THE OPENING OF the course seemed like a series of thresholds to adventure. Late August in Atlanta is steamy hot; the sun dazzles, even on the green-forested hills of Emory University. I have come here for several reasons. Ever since I was a kid, I have wanted to know what was inside the body and how it worked. As a teenager, I thought I would become a doctor; part of me has always wanted to go to med school, even as an observer. As a college teacher, I have felt that texts mean the most when they link up with reality, and what's more real than the human bodies we live in? I have enjoyed authors who give some sense of the embodiment of human life — Richard Selzer, Sharon Olds, Robert Murphy, Reynolds Price, Oliver Sacks, Paul Monette, Lucy Grealy — and I wonder whether my abilities as a writer can deal with the strange sights I am about to observe. I am risking an academic year on this project, one of my rare leaves from teaching, without knowing what the results will be. In a time when granting agencies virtually want your conclusions in your proposal before any investigation, this is a strange undertaking indeed.
With excitement I push open the door to the anatomy-physiology building. I walk slowly down the hall looking for the lecture room, seeing lab-coated instructors stride briskly past me; the students, typically in shorts and carrying knapsacks, also make their way to the first class meeting.
Settling into the back of the auditorium, I take a look at these students.
There are 113 of them, I've been told, and they are clearly a varied lot. I see men and women, white and black, Hispanic, Asian, and Anglo, a much more diverse class than it would have been ten years ago. They are mostly in their twenties, but some are a bit older. Among the men, I see a yarmulke, a turban, and two baseball caps. There is no headgear among the women, but a profusion of black, blond, and brown hair. We take our places in rows in the traditional steep rise of medical auditoriums, so that we look down on the lecturer. In the past, this arrangement allowed viewers to peer into the body of a cadaver as it was being dissected. Today, dissecting takes place in other rooms, while the high front wall here provides a huge area for projection of slides, one at a time or two side by side, at the eye level of the audience.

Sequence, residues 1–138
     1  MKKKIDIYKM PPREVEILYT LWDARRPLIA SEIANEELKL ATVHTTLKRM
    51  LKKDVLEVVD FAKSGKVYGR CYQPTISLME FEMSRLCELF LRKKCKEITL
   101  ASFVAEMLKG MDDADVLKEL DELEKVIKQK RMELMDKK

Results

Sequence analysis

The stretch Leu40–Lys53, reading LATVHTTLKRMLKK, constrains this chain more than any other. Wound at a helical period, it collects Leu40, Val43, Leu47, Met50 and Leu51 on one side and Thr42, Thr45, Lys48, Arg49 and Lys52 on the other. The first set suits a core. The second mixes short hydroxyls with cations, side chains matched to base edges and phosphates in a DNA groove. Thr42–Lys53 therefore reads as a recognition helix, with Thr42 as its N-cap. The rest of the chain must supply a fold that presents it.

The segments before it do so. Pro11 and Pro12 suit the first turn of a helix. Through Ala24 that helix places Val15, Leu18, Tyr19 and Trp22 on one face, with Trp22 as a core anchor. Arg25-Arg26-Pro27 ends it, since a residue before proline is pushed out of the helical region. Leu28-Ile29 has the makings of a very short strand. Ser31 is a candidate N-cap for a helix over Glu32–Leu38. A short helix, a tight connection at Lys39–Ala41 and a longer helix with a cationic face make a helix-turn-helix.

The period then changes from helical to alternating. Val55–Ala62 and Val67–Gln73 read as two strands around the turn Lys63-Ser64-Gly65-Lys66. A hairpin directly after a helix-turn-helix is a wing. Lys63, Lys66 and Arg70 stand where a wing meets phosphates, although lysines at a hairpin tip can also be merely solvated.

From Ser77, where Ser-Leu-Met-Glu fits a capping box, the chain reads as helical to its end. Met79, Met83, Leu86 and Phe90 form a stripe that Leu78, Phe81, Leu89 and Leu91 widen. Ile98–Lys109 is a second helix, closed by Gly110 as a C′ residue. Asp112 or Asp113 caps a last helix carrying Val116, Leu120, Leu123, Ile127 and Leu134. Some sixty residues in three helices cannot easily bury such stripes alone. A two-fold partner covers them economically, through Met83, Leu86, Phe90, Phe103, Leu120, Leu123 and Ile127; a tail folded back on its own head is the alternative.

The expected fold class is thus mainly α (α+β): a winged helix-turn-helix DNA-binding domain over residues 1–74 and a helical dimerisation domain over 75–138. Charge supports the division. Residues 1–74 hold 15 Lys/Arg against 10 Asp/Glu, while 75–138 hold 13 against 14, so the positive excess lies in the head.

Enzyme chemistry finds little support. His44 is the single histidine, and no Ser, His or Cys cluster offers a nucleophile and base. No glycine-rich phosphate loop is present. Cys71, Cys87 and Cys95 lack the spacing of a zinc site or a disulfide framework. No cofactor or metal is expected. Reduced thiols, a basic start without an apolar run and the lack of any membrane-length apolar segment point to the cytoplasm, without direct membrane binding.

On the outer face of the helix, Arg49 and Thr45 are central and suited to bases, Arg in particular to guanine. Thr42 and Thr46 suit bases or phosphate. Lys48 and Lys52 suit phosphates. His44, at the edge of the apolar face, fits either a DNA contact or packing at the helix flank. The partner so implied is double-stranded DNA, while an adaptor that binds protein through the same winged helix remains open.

The first lecture describes the aims of the course and its organization. Dr. Arthur English, the course director, clips on a microphone and explains the details. A Ph.D. in anatomy, he is a moderately tall man, with a vivid white mustache. Having taught this course many times, he explains convincingly how it works. The course has three lectures per week describing the areas of the body to be dissected in the lab: the first lecture will discuss the back, and the assignments for the first two lab sessions will be to locate the parts just described.
English then introduces the university chaplain, Donald G. Shockley, saying that he will come to the labs and be "available for anyone to talk with." English says that we should be aware that the cadavers were living persons, all of whom died in the past year. They have willed their bodies to the university for research and education. While the six members of the teaching staff always wear lab coats, Chaplain Shockley never does: in his sport coat and tie, he's a reminder of the outside, nonmedical world, and the still larger world of spirit, transcendence, and ultimate values.
"Nine years ago," Shockley says in his soft Alabama accent, "some med students came to me and said, 'It just doesn't seem right to walk away from the table without some kind of closure.' I helped them create a Service of Reflection and Gratitude, as we called it, and every class since then has carried on this tradition. Near the middle of the course, I will ask for volunteers to develop this year's service."
I have heard about this ceremony; indeed, it is one of the reasons I have come to Emory. I want to see what impact it makes on the emotions and meanings evoked by the lab two floors above us.
* * *
The next day is the first formal lecture of the course, and our topic is "The Vertebral Column and the Spine." As I listen, I imagine that students must be thinking, How does the picture on the screen compare to the cadaver I am going to meet in the next hour? The lecturer is Dr. Steven L. Wolf, an intense man who strides about the stage, gesturing at the huge images above him. He uses a laser pointer — a bright red arrow — to focus our attention on particular features of the slides.
The lecture over, students head up to the lab. Some take the stairs, others the elevator. The eager ones surge ahead, the reluctant ones hang back. As I enter the third-floor hallway, I smell the sharp odor of formaldehyde. Students mill around in the hallway, clustering in prearranged groups of six and checking and rechecking the bulletin board where their assignments are posted. This information includes the table numbers, with groups of six students, whose names are followed by A, B, or C to indicate the pairs, or "teams," that will dissect together. Students recheck these assignments, in part to be sure where they're going, but also, it seems to me, to delay crossing the threshold through the wooden door with the opaque window. They plop their backpacks on large metal tablelike structures in the hall (probably unaware that these embalming tanks, called New Yorkers, have a cadaver floating inside). They put on their lab coats, most of which are fresh from the store, stiff and creased in rectilinear patterns. They take books and dissecting kits in hand, push open the door, and in a mild parody of a dinner party look for the numbered tables where they will work for the next sixteen weeks. I enter too, in the borrowed lab coat that gives me protective coloration. I intend to be invisible, a mute observer hidden by a magical one-way mirror. Dr. English has told me that he'll try to find some students I can follow through the course, but today will be a more general overview.